An Introduction to Randomization Tests Can subliminal messages help students learn math?

An Introduction to
Randomization Tests
Can subliminal messages help
students learn math?
A group of 18 students who had failed the
mathematics part of the City University of
New York Skills Assessment Test
participated in a summer program
designed to raise math skills.
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A group of 10 students, selected at random
from the 18, was exposed daily to the
subliminal message
Each day I am getting better at math.
The other 8 students were exposed daily to
the subliminal message
People are walking on the street.
New Test Score – Old Test Score
Positive
6
16
7
11
12
13
11
13
15
10
Mean:
11.4
Neutral
11
5
5
7
4
12
8
14
8.25
Mean Difference=11.4-8.25=3.15
2
Is there evidence that the positive
subliminal messages caused a greater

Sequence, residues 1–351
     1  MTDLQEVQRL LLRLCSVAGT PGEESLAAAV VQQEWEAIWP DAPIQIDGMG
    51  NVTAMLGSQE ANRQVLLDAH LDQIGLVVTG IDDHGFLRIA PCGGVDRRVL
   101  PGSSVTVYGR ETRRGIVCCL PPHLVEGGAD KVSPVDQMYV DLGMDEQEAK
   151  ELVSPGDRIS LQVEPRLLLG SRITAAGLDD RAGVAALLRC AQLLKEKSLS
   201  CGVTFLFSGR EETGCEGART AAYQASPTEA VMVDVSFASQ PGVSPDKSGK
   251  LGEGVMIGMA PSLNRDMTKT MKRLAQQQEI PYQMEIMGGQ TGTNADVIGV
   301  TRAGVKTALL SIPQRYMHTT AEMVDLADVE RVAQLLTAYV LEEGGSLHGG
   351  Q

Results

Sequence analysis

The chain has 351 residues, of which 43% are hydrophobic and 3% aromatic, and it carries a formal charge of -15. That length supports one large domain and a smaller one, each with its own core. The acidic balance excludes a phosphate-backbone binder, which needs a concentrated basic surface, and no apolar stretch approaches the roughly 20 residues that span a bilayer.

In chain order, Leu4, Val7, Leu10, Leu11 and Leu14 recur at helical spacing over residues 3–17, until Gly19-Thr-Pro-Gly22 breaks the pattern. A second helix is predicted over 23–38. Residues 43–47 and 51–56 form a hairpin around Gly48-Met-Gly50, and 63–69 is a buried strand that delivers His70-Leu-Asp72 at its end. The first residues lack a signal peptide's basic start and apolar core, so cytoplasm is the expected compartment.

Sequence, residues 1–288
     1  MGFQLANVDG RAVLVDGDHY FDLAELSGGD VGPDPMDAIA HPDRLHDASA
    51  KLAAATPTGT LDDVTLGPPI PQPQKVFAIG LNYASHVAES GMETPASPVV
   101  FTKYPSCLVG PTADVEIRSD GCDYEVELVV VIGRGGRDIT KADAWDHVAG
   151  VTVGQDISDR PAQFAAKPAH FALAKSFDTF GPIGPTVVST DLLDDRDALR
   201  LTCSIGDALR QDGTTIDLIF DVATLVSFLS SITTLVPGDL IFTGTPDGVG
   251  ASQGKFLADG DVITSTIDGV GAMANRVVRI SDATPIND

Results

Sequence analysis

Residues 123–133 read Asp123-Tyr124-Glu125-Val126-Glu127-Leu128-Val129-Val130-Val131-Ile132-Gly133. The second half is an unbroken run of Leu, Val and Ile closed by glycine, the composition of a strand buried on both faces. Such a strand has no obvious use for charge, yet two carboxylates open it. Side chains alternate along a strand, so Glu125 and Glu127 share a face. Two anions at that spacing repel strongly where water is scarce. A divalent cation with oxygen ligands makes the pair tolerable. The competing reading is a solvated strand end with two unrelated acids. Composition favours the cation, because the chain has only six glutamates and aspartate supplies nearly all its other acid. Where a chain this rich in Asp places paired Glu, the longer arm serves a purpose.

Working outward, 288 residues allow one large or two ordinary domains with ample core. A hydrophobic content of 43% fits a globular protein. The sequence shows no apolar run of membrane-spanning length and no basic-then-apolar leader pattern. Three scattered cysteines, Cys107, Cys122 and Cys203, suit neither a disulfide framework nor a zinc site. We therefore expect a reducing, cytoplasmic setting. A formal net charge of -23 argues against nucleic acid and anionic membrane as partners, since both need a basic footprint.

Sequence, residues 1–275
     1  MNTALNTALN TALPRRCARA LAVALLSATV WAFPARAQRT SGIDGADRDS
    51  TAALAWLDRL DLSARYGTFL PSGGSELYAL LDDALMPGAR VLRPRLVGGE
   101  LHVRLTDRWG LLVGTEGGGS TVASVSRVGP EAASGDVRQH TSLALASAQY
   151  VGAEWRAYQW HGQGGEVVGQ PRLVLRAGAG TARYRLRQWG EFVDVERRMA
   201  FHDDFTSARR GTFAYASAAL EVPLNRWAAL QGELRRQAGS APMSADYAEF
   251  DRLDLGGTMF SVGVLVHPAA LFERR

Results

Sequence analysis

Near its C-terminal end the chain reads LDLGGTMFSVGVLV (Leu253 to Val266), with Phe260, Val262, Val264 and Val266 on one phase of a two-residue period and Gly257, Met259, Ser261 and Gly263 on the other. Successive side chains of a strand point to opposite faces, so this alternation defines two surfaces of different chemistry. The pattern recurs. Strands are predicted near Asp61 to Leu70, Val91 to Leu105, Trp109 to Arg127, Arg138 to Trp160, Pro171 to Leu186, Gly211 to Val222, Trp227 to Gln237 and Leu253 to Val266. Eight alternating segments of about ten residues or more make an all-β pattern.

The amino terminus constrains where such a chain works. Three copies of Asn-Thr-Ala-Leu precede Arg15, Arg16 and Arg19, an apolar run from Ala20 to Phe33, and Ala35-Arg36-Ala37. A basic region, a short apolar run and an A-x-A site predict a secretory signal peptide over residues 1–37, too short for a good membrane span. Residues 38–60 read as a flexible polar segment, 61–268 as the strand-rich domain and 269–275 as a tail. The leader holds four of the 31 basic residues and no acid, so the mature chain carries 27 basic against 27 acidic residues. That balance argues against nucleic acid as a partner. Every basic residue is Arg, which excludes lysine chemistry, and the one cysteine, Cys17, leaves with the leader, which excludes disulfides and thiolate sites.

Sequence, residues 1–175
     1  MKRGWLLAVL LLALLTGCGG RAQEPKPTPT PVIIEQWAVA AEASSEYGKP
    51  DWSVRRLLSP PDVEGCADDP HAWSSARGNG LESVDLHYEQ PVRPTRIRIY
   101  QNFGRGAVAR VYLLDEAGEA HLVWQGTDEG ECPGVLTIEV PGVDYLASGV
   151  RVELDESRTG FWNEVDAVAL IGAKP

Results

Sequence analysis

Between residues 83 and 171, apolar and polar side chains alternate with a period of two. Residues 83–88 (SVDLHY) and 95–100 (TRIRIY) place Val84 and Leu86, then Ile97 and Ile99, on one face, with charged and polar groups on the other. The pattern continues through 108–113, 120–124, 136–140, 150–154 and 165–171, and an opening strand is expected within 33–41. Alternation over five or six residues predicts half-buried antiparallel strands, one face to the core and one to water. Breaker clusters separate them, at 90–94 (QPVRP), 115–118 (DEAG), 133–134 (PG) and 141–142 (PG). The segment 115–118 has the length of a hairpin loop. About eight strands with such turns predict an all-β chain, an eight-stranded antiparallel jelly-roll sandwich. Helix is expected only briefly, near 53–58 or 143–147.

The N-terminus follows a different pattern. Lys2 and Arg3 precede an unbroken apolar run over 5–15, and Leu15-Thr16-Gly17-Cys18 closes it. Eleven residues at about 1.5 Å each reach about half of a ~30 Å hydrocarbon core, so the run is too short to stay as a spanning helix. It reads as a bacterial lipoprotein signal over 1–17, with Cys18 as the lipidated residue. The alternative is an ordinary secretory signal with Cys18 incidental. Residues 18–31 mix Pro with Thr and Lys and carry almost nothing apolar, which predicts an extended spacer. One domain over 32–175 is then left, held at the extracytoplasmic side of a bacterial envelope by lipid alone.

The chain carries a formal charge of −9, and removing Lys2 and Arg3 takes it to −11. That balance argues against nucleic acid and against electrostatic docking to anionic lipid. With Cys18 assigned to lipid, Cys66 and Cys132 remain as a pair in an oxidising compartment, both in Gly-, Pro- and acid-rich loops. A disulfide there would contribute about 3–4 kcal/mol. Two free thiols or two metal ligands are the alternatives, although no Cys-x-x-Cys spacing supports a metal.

improvement than the neutral messages?
A skeptic might argue as follows:
The subliminal messages had nothing to do with the
improvements. Each student would have scored
exactly as he or she did on the follow-up test
regardless of the message. The difference is due only
to the fact that the better students ended up seeing
the positive message by chance assignment of
students to groups.
There are 18 choose 10 ways to randomly
divide the 18 data values into a group of 10
and a group of 8.
18 choose 10=18C10=18!/(10!*(18-10)!)
=43758
We can see if the observed difference of
3.15 seems unusually large by comparing
it to the 43758 differences that could have
been seen due to random assignment
alone.
3
4.11% of all differences
are as large or larger
than 3.15.
Observed Difference
of 3.15
4
1799 of the 43758 mean differences are as
large or larger than 3.15. Thus the
one-sided p-value for the randomization
test is 1799/43758=0.04111248. There is
moderate evidence that the positive
messages caused a greater improvement
in scores than the neutral messages.
Each day I am getting better at statistics.
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